On other questions of foreign policy, the Arkansan has yet to prove he is ready for international prime time. Asked how he'd handle the Iranian nuclear threat, his stock answer is that America needs to become "energy independent in 10 years," thereby denying Iran oil money. "Iran, I promise you, they wouldn't have enough money to build a reactor just by selling rugs," he explained. (No word on why this didn't stop North Korea.) When asked at a media dinner about the front-page news that the latest National Intelligence Estimate had downgraded Iran's nuclear threat, Mr. Huckabee admitted he didn't even know about the report.
A populist at heart, Mr. Huckabee claims he's "no protectionist," but over and over this week he complained about the U.S. trade deficit with China and vowed, in the best Democratic tradition, to only sign "fair trade" deals. To bring up big companies is to invite a Huckabee lecture on the "greed" of corporate executives who tower over "average employees."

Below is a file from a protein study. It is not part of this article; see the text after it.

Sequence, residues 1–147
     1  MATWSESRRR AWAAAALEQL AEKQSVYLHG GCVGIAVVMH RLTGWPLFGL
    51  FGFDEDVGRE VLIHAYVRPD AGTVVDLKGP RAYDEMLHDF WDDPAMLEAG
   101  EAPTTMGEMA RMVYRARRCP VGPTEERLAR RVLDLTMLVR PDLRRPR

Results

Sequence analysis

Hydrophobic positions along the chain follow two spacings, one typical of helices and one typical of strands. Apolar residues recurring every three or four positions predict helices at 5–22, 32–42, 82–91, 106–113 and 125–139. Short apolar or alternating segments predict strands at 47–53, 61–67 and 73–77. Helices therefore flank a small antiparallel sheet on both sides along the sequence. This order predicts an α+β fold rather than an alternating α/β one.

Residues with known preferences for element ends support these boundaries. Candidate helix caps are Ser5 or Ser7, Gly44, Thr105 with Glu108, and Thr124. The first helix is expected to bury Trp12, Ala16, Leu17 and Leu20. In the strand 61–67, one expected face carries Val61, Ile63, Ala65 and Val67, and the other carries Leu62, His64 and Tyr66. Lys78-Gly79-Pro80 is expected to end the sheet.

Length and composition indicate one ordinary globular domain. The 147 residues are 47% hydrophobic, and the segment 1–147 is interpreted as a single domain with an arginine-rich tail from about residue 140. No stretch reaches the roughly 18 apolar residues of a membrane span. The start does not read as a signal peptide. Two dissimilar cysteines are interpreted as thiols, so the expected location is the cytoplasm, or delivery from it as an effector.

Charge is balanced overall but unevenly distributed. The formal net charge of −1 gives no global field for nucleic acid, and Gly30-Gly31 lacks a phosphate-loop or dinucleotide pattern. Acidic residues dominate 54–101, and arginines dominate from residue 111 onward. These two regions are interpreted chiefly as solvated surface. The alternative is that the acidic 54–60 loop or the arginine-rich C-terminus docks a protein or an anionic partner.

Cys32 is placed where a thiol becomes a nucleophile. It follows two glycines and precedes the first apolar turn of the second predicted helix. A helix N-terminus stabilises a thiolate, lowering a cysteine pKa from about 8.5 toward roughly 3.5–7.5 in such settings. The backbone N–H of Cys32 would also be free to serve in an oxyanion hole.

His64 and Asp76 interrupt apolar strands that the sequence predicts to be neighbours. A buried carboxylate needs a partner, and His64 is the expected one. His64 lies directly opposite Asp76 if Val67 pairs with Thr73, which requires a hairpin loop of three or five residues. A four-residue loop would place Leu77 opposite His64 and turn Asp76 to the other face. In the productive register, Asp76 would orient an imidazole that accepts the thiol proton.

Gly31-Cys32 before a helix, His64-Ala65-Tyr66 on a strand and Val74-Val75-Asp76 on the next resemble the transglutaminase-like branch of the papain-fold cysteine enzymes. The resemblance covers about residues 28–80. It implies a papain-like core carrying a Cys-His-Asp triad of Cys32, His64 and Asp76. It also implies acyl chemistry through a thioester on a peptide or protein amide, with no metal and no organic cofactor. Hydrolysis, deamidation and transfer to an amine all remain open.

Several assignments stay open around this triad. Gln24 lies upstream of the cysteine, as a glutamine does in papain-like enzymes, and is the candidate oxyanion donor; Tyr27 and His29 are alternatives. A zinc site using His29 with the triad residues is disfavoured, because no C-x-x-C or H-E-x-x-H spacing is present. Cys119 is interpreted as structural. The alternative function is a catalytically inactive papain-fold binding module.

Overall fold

Mr. Huckabee likes to say he cut taxes in Arkansas 94 times, and has collected devotees around his promise for sweeping tax reform via the "fair tax." He promises to abolish the IRS, and along with it all current income, corporate, payroll and other taxes--to be replaced with a 23% national sales, or consumption, tax. He's also promised repeal of the 16th amendment--which established the income tax--to ensure Americans don't get double-taxation.